The life of Russians in the 1930’s is truly interesting. The people of Russia have finally become one with their halfway communistic society. Although a large majority of people had become adjusted to the Soviet, certain portions of society weren’t warming up to the Reds like everyone else. One of these groups is the well-known Cossacks.
As we have seen in our previous lessons in Russian history, the Cossacks have been a group that actually sort of supported the monarchy (not so much support, but definitely some animosity towards the Bolsheviks) during the civil war. Because the Cossacks supported the Whites during the war, the Reds decided that it would be beneficial to the cause to completely cut the Cossacks out of any sort of military training; therefore, they could not obtain the skills necessary to start any sort of rebellion. Now that Stalin is in control in the 1930’s and has collectivized everything, people have started to lose motivation to work hard because they have “lost” all of their property (possibly a natural flaw of communism). This is much more likely with groups (the Cossacks) who are not being treated equally long with others. In order to fix this problem, the mandate stating that Cossacks could not serve in the armed forces was repealed. After the mandate was repealed a report was made saying, “Before the discussion of the Government’s decision to lift restrictions on service in the RKKA, kolkhoz farmer Roman Brekhov of Brigade No. 2 at the KIROV Kolkhoz under the Mrykhovskii Village Soviet did no more than 5 hectares of row planting, but the day after a study session on the Government’s decision and the order by the People’s Commissar he began to do 7.8 hectares of planting in a shift without changing oxen.” By creating an option for Cossack men to be able to fight and do the communist state a service, the Soviet government successfully created a more positive work atmosphere for Cossack men. This is essentially a double whammy for the Russians. With WW2 on the horizon, the Russian army was going to need these men much more than they originally intended with the undoing of this mandate.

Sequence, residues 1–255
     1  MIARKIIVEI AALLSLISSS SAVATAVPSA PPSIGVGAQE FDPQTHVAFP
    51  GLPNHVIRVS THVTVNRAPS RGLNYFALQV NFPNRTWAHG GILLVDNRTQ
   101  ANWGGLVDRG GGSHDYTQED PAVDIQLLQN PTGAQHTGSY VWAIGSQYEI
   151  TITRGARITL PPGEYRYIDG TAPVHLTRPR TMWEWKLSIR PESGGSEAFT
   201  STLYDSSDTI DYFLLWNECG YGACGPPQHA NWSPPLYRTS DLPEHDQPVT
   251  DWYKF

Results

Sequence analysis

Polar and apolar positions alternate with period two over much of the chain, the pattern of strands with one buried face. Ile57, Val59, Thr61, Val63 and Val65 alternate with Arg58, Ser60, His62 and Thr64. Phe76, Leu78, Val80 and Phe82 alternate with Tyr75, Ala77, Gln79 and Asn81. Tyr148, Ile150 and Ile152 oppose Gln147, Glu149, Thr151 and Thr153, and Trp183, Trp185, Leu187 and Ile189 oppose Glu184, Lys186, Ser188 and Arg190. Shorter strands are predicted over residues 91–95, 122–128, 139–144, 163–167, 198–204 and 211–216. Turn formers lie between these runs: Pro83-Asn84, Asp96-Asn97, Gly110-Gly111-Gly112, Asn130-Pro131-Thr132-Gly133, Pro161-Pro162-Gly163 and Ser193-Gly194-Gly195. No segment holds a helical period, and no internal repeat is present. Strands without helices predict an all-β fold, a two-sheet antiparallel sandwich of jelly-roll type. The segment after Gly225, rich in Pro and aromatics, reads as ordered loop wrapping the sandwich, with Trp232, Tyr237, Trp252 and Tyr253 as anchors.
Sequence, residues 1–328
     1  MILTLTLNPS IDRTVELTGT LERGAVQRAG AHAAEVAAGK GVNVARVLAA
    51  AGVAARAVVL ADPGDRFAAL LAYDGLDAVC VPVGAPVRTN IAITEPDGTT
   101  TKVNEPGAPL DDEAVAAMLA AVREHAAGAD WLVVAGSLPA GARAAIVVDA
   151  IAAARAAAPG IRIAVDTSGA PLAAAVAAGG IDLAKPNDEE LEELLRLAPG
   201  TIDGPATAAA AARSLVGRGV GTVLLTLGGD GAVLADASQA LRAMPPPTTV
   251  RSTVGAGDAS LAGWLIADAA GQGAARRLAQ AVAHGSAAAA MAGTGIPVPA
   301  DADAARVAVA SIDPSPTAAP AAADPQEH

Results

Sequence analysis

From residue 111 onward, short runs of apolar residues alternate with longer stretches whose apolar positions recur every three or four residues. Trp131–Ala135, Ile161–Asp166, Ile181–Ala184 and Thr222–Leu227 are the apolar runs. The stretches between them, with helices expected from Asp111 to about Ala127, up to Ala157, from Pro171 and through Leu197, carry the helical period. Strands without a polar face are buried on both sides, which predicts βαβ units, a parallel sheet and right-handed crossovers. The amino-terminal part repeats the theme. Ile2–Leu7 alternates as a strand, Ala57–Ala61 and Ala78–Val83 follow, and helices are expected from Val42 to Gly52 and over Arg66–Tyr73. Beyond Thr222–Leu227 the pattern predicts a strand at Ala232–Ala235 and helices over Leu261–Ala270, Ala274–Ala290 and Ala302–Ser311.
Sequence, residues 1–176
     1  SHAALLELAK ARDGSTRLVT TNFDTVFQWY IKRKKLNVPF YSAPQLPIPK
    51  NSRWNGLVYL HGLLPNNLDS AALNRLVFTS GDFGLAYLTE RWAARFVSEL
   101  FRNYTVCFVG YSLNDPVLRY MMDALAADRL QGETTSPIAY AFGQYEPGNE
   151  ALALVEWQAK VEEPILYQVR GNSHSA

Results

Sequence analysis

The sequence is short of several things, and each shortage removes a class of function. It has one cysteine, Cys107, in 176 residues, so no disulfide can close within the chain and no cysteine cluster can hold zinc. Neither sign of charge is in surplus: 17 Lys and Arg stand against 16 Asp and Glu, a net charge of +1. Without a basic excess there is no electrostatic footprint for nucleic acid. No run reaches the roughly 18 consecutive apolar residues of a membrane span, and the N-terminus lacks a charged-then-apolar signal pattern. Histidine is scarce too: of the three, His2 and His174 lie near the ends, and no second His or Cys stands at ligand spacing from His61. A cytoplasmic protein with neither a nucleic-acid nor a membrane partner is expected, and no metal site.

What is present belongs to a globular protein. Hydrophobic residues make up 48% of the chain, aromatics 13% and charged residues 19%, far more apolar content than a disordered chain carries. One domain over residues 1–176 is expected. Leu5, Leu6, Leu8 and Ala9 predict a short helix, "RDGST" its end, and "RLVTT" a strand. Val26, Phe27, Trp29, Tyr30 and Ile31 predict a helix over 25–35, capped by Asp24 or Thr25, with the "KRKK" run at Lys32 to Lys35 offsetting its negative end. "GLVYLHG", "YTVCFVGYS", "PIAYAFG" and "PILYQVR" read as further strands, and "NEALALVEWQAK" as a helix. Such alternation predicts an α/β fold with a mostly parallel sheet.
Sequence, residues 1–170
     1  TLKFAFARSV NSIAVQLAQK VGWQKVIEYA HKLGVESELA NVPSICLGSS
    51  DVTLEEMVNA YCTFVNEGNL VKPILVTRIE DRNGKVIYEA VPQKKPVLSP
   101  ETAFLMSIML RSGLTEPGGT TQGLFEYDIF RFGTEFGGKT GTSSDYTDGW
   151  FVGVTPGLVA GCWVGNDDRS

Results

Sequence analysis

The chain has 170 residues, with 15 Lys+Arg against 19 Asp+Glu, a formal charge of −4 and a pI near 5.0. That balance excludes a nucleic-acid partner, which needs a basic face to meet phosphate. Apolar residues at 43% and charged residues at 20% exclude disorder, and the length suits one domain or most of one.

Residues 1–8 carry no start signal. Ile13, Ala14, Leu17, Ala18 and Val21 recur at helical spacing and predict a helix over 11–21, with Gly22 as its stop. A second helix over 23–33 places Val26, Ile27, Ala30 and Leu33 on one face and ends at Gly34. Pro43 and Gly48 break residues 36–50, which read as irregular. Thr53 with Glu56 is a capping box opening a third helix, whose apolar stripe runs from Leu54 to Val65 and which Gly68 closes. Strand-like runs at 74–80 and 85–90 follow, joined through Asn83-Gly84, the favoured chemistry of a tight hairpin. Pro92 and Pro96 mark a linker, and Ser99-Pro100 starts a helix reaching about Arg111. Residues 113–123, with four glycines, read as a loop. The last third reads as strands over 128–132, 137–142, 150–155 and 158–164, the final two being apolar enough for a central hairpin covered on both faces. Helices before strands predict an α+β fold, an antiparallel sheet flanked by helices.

Although not all the Cossacks sided with the Russians during the upcoming war, I am sure that the reinstating of the Cossacks in the Soviet Army helped to put a handle on a majority of their population. The Russians could have easily silenced the Cossacks, but instead decided to not make them an example and try to embrace their faction as a means of support for the Soviet cause.